Prescriptive Power?

Benjamin P. Taylor
2 min readJan 30, 2024

A Doctor is one of the closest things to a King or Queen we encounter in UK public services. How much power do you think they actually have?

Join the discussion on LinkedIn: https://www.linkedin.com/posts/antlerboy_publicservices-activity-7158014653145497600-hPhg?utm_source=share&utm_medium=member_desktop What do you think are the implications for #publicservices?

To see my doctor, I have to petition him — find a way to reach his courtiers.
If my case is good enough, I’m given a time at his discretion, in his visiting hours.
I present myself to his guards, with my proper papers.
I must be on time, or I forfeit my opportunity!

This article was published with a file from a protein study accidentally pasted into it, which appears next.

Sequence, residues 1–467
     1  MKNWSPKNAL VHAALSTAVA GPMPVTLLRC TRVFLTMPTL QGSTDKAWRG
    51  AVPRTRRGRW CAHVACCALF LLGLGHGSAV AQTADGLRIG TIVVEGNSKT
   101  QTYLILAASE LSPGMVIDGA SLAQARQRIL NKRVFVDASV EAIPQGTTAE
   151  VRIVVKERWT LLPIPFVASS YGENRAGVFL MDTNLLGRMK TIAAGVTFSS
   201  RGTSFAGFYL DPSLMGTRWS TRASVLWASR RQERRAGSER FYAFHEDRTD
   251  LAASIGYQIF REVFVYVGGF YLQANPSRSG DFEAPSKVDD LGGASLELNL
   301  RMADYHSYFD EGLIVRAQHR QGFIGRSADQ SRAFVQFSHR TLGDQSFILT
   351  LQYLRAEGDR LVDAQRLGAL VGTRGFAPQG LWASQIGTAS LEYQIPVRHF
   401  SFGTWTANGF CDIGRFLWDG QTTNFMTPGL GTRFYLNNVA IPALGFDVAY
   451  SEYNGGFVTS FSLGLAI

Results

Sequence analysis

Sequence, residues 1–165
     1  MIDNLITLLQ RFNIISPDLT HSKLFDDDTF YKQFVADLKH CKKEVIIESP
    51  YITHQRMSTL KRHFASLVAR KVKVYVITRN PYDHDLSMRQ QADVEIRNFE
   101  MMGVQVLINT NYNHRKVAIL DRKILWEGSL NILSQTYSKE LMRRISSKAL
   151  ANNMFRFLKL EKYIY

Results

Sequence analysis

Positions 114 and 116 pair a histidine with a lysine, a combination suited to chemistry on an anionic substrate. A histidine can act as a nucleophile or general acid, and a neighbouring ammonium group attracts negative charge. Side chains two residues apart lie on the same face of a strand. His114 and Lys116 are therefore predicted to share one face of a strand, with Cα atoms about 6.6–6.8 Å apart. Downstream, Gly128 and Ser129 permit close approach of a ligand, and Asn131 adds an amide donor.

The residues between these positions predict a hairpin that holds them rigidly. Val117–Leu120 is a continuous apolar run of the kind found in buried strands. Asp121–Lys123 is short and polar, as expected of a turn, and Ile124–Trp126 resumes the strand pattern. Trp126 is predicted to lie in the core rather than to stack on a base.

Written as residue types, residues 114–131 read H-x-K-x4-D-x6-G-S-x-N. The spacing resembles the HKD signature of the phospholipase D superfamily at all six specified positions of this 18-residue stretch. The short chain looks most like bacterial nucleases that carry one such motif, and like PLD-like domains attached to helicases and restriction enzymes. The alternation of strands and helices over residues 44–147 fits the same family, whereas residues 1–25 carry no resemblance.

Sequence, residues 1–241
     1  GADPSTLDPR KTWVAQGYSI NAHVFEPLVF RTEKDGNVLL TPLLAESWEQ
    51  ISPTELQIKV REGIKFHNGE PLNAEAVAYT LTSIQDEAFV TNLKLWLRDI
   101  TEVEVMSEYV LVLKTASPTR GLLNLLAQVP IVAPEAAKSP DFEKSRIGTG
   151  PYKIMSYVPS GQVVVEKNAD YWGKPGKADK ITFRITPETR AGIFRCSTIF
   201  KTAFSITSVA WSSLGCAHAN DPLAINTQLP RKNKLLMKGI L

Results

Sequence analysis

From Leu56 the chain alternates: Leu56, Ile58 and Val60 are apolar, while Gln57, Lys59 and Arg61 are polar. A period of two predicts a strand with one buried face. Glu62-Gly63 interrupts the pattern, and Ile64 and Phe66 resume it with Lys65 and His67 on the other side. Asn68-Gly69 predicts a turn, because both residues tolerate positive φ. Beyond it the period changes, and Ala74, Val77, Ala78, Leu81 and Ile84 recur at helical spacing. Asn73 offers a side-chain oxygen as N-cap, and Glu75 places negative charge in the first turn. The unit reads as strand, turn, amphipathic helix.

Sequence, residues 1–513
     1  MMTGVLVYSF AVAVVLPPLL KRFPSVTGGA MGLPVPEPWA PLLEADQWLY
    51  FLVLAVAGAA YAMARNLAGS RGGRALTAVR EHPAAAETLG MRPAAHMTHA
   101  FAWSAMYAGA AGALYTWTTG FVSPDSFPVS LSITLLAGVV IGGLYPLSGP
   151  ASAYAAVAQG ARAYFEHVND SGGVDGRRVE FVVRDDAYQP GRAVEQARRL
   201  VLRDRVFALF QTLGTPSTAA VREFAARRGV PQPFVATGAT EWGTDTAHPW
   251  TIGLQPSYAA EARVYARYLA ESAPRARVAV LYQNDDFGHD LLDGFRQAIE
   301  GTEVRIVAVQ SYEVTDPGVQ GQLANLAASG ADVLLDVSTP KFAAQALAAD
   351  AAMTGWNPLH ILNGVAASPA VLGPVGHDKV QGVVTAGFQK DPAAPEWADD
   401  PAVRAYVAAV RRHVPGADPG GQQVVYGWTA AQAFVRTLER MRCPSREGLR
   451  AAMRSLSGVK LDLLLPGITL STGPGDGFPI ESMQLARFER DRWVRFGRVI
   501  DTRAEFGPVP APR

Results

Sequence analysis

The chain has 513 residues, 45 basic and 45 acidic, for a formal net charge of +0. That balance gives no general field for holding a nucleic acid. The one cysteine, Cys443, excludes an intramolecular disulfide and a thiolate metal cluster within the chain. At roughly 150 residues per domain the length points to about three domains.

I attend upon his pleasure in ‘the waiting room’.
At a certain point — perhaps on time, perhaps late — my name is called, and I proceed to his antechamber, knock, and am granted entry.
I sit on the humble chair before his throne of power — he consults the oracle of all worldly things (the computer).

and I can petition him with my woes.

Can you think of a modern ritual so perfectly set up to mimic seeking an audience with the King — or at least, a local Duke or something?

Most of the time, modern medicine being what it is, I’m given a prescription — medicine that will hopefully alleviate my symptoms, or even make me well again.

So, with all of this symbolism and power and pomp, when I am given the medication, the thing that will save me… what proportion of prescriptions handed out do you think are filled at the pharmacy, taken, taken properly with attention to the instructions, and taken to their full course?

What do you think are the implications for #publicservices?

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